No Strings Attached? Many Friends with Benefits are Actually Looking for Love

Friends with benefits couple in bed

When people become friends with benefits (FWBs), what is it that they truly want from that arrangement? Are they just in it for the “benefits” (that is, sex)? Or are they perhaps looking for more? I’ve conducted some research on this subject and here’s what I found.

I surveyed 411 adults online, all of whom said they currently had at least one FWB. Participants ranged in age from 18 to 65 and most (86%) were heterosexual. Everyone was asked what they hoped would come of their FWB arrangement in the future, which could mean staying FWBs long-term, becoming romantic partners, becoming friends only, or having no relationship of any kind.

It turned out that men and women provided significantly different answers to this question. While the vast majority of women (69%) wanted their relationship to change in some way, the majority of men (60%) wanted to keep things just as they are. In other words, women were more likely to see their FWBs as a temporary state, whereas men were more likely to see their FWBs as an end state.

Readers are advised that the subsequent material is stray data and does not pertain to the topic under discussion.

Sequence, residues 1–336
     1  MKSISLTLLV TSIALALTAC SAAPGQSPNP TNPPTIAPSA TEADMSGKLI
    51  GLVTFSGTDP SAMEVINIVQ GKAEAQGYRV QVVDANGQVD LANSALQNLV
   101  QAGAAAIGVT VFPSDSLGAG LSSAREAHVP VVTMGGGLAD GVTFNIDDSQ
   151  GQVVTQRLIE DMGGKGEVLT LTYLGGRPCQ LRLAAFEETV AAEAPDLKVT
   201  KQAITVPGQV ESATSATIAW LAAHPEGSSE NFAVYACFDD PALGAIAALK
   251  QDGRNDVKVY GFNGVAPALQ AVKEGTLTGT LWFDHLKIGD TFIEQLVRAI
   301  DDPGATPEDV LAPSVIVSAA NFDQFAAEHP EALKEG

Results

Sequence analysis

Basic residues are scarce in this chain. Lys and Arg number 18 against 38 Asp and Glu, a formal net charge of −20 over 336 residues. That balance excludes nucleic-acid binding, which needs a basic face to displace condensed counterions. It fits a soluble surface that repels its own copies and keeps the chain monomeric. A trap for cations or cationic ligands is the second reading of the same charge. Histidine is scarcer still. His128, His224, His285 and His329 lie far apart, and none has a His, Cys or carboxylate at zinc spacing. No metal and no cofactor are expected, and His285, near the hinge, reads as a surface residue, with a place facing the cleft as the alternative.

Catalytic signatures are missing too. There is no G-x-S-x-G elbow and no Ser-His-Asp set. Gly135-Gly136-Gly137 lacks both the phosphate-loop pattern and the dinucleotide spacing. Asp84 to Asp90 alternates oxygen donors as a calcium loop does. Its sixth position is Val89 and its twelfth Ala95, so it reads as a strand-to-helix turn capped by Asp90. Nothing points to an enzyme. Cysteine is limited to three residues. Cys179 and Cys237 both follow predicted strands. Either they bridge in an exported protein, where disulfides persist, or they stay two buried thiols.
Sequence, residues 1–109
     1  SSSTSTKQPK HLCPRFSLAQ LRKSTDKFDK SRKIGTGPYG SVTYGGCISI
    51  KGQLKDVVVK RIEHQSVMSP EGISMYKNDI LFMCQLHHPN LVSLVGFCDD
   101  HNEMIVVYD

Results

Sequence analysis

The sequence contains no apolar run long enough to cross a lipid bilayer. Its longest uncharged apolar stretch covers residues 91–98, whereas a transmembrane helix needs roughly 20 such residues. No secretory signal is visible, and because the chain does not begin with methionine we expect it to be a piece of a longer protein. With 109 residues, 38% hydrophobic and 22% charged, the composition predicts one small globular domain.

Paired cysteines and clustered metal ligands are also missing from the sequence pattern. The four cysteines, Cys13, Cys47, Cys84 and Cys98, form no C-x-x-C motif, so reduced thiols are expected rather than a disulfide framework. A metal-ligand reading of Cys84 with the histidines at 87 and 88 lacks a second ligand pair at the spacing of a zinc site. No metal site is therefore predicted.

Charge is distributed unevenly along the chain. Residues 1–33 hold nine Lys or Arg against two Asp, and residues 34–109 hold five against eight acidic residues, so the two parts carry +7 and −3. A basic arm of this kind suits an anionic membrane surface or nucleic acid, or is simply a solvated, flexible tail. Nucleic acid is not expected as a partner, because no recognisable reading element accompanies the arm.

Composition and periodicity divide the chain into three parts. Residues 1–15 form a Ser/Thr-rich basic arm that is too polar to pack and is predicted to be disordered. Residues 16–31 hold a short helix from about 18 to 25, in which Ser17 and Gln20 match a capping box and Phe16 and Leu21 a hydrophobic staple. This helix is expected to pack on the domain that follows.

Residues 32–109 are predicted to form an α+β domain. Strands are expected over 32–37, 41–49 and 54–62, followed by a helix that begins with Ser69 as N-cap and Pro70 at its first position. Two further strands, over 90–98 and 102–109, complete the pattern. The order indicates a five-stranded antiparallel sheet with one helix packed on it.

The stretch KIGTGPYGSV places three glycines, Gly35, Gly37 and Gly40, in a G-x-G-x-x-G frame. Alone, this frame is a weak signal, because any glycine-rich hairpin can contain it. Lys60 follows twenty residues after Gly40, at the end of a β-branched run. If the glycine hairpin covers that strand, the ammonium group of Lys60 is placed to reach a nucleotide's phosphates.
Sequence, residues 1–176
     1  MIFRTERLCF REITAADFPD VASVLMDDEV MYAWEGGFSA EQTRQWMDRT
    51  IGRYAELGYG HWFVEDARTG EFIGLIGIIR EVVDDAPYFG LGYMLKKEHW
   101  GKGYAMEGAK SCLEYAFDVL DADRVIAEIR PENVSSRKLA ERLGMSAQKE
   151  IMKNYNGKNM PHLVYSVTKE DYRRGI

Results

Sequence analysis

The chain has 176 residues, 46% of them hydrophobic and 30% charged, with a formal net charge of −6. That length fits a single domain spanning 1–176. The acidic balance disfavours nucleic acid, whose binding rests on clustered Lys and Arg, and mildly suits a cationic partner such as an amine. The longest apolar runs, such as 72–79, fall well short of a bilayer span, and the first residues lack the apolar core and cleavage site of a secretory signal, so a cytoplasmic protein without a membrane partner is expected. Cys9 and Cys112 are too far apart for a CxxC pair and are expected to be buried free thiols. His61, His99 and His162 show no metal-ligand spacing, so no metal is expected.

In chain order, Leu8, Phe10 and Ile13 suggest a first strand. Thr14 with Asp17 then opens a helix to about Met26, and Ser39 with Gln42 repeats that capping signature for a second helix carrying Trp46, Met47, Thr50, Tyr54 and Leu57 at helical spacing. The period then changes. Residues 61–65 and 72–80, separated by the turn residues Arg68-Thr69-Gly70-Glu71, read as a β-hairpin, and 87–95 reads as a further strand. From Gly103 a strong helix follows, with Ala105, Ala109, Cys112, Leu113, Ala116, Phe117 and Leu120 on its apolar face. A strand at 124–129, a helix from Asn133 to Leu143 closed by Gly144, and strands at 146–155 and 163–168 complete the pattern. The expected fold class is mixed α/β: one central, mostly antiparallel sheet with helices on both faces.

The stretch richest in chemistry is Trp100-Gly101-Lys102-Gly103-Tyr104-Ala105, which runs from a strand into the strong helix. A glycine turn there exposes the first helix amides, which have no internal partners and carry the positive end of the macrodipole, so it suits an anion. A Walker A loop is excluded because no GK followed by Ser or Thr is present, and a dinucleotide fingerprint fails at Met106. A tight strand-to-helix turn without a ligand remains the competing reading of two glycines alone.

For a look at which specific types of relationship changes men and women were most interested in, check out the infographic below.

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As you can see above, nearly 1 in 4 men and 2 in 5 women expressed hope that their FWB would eventually turn into a romantic relationship. So while women were more likely to go into these relationships with the hope of finding love, a significant number men clearly do, too.

What this tells us is that, while a lot of people describe FWBs as having “no strings attached,” there seem to be strings quite a bit of the time. Perhaps that’s why these relationships often become complicated.

Want to learn more about Sex and Psychology ? Click here for previous articles or follow the blog on Facebook (facebook.com/psychologyofsex), Twitter (@JustinLehmiller), or Reddit (reddit.com/r/psychologyofsex) to receive updates. You can also follow Dr. Lehmiller on YouTube and Instagram.

To learn more about this research, see: Lehmiller, J. J., VanderDrift, L. E., & Kelly J. R. (2011). Sex differences in approaching friends with benefits relationships. The Journal of Sex Research, 48, 275-284.

Image Source: 123RF (photo) and Dr. Justin Lehmiller (infographic)

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